With SA’s expanded rate of unemployment fast approaching 40%, creating a supportive environment for entrepreneurial activity could easily fast-track economic growth and tackle SA’s unemployment crisis
OPINION: SOUTH AFRICA NEEDS TO DEVELOP A STRONGER ENTREPRENEURIAL CULTURE TO DRIVE ECONOMIC ACTIVITY
Only 7% of South Africa’s adult population is involved with running their own business.
This is low even when compared to other sub-Saharan African countries, where the rate of entrepreneurial activity is nearly four times higher. The World Bank suggests that (formal) small and medium enterprises contribute up to 45% of total employment and a third of national income in emerging economies. With SA’s expanded rate of unemployment fast approaching 40%, creating a supportive environment for entrepreneurial activity could easily fast-track economic growth and tackle SA’s unemployment crisis.
The Global Entrepreneurship Monitor ranks good infrastructure and an established banking system as the two largest enablers of entrepreneurship in the country. However, they cite poor levels of educational attainment, inefficient government bureaucracy, high crime levels and rigid labour laws as key constraints to starting up new businesses.
Aside from confronting these issues, SA needs to address the current low perception of opportunities to start a business. In our view, the availability of technical and industry-specific training is as important in generating higher levels of entrepreneurship as is access to financing. Incorporating a higher level of entrepreneurship education at school stage could further encourage entrepreneurial intentions, which rank poorly in SA relative to other emerging markets.
As economic growth struggles to accelerate against a backdrop of incoherent policy-making, support for first-time business owners is central to generating higher rates of entrepreneurial activity. Growth in SA is likely to bottom out this year below 0.5% and is expected to stage a marginal improvement to 1% in 2017, inching higher to 2% in 2018. Given these muted growth prospects, small business owners should negotiate payment terms, manage inventories in relation to constrained demand levels and maximize worker productivity. The latter is increasing in relevance, given proposals for a national minimum wage – unless exceptional provisions are made for small businesses.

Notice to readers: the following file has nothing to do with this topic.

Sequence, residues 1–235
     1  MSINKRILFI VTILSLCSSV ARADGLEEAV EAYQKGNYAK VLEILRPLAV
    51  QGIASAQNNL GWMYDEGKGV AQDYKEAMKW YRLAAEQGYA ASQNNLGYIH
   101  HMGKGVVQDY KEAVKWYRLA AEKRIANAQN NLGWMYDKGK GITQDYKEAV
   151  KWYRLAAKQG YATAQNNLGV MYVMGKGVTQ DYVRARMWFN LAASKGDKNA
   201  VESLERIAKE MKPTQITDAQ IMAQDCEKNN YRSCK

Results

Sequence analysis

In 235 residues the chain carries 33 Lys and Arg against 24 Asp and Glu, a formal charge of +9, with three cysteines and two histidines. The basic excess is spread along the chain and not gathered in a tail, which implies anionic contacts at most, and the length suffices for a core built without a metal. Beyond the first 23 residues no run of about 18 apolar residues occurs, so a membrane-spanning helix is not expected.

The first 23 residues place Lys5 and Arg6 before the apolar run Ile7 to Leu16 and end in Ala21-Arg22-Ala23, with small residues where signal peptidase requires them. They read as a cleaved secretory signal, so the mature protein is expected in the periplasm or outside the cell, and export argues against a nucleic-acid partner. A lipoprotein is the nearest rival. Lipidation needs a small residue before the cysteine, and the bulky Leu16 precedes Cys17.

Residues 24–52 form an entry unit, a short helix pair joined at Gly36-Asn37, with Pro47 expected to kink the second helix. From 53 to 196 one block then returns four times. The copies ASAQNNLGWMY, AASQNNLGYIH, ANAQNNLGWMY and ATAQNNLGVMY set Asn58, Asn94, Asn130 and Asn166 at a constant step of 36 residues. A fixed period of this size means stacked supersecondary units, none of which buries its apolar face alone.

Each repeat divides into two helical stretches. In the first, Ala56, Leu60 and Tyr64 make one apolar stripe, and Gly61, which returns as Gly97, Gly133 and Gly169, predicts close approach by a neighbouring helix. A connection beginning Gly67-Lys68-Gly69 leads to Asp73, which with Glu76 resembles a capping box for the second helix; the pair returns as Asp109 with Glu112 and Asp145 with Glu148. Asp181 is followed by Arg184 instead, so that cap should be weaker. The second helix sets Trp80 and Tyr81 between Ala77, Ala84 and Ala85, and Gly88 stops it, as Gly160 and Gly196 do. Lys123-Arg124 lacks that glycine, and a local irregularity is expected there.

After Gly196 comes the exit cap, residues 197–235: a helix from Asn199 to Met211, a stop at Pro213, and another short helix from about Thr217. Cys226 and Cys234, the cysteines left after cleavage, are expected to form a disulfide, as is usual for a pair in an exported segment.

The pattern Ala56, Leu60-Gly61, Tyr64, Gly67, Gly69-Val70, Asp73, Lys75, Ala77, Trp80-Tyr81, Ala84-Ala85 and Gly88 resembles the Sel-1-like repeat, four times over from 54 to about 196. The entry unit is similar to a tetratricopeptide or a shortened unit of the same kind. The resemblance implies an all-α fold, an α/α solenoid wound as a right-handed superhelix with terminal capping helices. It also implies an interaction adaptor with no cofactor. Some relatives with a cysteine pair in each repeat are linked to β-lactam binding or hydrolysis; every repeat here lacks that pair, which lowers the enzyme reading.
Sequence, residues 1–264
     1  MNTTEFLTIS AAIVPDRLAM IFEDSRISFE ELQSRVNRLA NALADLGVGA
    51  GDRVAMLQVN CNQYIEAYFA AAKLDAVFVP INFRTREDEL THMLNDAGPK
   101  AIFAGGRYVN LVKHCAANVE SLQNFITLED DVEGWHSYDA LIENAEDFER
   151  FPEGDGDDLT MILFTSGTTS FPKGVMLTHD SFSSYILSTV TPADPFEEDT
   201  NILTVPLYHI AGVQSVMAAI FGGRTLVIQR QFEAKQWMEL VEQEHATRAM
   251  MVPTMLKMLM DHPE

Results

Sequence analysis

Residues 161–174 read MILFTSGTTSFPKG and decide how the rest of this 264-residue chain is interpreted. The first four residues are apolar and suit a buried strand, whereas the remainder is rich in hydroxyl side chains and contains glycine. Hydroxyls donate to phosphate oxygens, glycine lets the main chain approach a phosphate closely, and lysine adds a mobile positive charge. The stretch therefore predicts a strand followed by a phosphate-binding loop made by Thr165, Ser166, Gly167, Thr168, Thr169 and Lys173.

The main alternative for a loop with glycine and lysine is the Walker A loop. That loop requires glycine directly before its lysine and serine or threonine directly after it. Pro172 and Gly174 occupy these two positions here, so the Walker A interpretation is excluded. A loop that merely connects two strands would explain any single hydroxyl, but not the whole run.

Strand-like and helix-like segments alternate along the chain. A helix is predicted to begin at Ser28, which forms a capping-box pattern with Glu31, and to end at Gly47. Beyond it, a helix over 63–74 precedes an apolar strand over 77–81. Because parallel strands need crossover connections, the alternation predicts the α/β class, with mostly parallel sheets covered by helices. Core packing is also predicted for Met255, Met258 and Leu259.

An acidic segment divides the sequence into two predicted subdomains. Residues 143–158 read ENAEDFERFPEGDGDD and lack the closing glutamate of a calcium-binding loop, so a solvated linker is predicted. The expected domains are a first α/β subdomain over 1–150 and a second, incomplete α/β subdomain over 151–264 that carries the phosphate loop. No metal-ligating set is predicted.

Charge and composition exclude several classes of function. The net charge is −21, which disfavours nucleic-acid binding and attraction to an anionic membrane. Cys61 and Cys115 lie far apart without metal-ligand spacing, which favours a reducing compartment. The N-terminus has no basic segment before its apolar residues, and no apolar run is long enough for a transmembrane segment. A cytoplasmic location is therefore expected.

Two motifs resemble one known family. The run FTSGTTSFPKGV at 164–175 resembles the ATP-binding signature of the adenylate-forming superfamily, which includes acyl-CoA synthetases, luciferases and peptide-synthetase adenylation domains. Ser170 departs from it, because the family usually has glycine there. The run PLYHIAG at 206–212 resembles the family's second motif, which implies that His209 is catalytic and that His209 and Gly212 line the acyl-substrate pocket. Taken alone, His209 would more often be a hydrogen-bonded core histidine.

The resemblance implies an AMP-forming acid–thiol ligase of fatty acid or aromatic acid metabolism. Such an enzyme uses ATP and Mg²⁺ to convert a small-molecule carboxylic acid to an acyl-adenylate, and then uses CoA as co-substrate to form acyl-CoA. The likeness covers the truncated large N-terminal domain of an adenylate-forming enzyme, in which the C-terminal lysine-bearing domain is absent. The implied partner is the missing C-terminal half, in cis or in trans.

During periods of sluggish economic growth, traditional lending institutions tend to tighten lending standards, with the impact of more stringent credit criteria squeezing lending to small and medium enterprises. Experian (a firm that specialises in data on SA’s credit industry) proposes a credit report for small businesses, including a risk score. This will allow financial institutions to maintain stable funding to worthy startups throughout the business cycle.
Studies have shown that increased levels of entrepreneurship tend to lead the business cycle through boosting economic activity and giving rise to new job opportunities. Unlike the period following the 2008 global financial crisis, when government was able to create jobs in the public sector in a counter-cyclical fashion, elevated budget deficit and growing government debt levels are forcing government to rein in SA’s overextended civil servant wage bill.
Consequently, the onus is on the private sector to create employment opportunities.
Reducing the burden of over regulation currently stifling entrepreneurship and providing incentives for research and development can create a more enabling environment for small businesses to contribute to job creation.
Small businesses in SA have the advantage of being geared to the global growth locomotive, allowing for a higher diversification of their earnings base. According to the Global Entrepreneurship Monitor, a quarter of SA entrepreneurs reported that more than a quarter of their revenue comes from international sales, which is more than double the average for the rest of Africa.
An economic downturn can provide many new opportunities to small business owners. By their nature, start-up firms operate on a leaner business model and have the ability to maximize value for customers. At a time when poor economic conditions lead to a dip in investment in research and development, innovation-led solutions by smaller startups can, in our opinion, find a place in the market.
By: ANISHA PACKIRISAMY, MOMENTUM INVESTMENTS ECONOMIST
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